Soon the rain moved in and Volcan Turrialba was covered in clouds. After a delicious lunch at a roadside restaurant, we drove on a road that we thought would take us back towards Siquirres. But we soon figured out that we were lost. When I turned down this road, I stopped and surveyed the situation, I didn’t think our compact SUV would make it through the mud and ruts. This is where we turned around and asked for directions. Eventually, we got back on track and returned safely before dark.

We couldn’t see the volcano for the clouds and fog, but I could get an interesting photo of the trees along the road.

Another day, The Eldest’s host sister, took us to the horse farm of a family friend. The horses were trained to prance in parades and competitions. I was enamored by the barn especially with its reflection in the pond.

Nearby the horse farm was a herd of cattle accompanied by their friends, the cattle egrets. This common bird feeds on grasshoppers, crickets, flies, beetles, moths, small snakes, lizards, and fish. Ranchers believe cattle egrets help control cattle parasites spread by flies. Whenever we saw a herd of cattle, we saw egrets nearby. Some perchrf on their animal themselves. 

Costa Rica is dotted with picturesque little villages such as shown in the photo below. About three-quarters of Costa Ricans identify as adherents to the Catholic religion. Even many of the small villages have a Catholic church.


After several days in Siquirres, we drove to Limon then turned south at the Caribbean coastline to the village of Cahuita (pronounce cow-ou-heta). Given the condition of the roads, travel time was about two hours. Cahuita is known for three things. First, the black sand beaches (Playa Negra), second as the entrance to Cahuita National Park with it’s white sand beach and coral reefs, and third, its authentic cultural feel. Even though 8200 people live in the greater Cahuita area, you’d never know it. The downtown is only three blocks long, the main street is wide and full of potholes, and there is a relaxed, carefree atmosphere that is easy to like.

We stayed at a nicely appointed bed and breakfast run by a woman of Japanese descent. Breakfasts were a treat with granola, local coffee, and piles of fresh fruit. The gardens were luxurious with places to sit and enjoy the flowers and many birds.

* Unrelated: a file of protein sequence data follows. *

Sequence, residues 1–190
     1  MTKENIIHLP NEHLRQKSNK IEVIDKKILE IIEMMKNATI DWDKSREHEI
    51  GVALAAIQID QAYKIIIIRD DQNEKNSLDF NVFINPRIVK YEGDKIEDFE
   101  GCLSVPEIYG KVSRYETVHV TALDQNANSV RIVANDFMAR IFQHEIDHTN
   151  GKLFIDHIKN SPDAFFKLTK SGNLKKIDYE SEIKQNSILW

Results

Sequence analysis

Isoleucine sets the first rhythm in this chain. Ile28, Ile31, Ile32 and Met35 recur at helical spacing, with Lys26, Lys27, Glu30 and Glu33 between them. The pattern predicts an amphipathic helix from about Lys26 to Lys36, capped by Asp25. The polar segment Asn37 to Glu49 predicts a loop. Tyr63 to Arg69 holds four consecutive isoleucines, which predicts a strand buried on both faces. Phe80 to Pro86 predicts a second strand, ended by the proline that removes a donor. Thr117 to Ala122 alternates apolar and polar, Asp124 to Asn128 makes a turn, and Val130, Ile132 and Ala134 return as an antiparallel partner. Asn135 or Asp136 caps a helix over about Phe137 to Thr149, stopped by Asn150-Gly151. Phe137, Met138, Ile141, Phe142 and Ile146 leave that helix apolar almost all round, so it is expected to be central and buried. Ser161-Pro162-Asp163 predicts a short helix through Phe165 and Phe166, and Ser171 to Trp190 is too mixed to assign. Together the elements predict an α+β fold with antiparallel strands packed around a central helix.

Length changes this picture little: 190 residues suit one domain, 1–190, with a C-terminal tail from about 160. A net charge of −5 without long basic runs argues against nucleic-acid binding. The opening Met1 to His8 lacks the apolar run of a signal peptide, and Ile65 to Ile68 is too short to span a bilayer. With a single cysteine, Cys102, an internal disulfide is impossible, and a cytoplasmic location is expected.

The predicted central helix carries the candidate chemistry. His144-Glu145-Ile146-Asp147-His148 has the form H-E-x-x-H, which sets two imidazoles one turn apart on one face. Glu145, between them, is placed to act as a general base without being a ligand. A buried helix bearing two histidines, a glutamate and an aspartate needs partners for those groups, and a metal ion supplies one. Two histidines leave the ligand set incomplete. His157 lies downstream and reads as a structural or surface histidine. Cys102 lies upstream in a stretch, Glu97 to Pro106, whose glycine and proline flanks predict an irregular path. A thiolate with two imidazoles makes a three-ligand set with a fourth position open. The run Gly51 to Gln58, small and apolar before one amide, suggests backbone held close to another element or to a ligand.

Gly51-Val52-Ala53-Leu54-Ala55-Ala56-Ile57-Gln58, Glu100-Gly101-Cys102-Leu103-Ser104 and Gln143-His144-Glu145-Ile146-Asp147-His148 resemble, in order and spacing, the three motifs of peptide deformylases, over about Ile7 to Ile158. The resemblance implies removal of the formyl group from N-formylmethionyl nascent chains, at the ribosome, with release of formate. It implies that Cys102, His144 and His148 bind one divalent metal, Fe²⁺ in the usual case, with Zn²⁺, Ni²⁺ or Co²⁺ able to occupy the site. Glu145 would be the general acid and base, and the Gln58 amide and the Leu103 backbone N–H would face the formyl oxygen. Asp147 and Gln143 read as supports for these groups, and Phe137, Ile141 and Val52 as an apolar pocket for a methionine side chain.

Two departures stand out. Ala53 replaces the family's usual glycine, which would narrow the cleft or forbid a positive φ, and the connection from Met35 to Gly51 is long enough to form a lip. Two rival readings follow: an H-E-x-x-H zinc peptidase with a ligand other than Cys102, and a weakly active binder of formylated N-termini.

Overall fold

Cahuita has several locally run, quality restaurants with most of them on the main street. During our visit, there weren’t a lot of tourists and visitors so the restaurants weren’t very busy. One evening, we popped into a restaurant run by the fellow and his son in the second photo. He was happy to see us as we were the only customers. We ordered drinks, I had a beer and one of the ladies ordered a drink made with star fruit as pictured in the top photo. It took awhile for us to get our drinks. We think the proprietor sent his son next door to the grocery to buy the star fruit. A good example of just in time delivery! The drink was delicious and the food excellent.

We spent the better part of a day at the Cahuita National Park, exploring the beach, wading in the water, and checking out the wildlife.

We did have an encounter with the white-faced capuchin monkeys. We had to guard our snacks, drinks, and possessions at all times to prevent them from being carried off by the aggressive monkeys. In one incident as we were packing up the car to leave, several monkeys jumped on the car trying to get our food. Their actions gave us a fright until we realized, we could shoo them off by being aggressive towards them.

No more monkey business for this week! Join me next week for more photos and stories from Costa Rica. For more information on traveling to Costa Rica, check out these websites, Visit Costa Rica, Lonely Planet Costa Rica, and Go Visit Costa Rica.

Also check out my four-part series on my recent trip to North and South Dakota. Click here, here, here, or here.

Until then, happy travels!








2 thoughts on “Postcards from Costa Rica – Part 1

Comments are closed.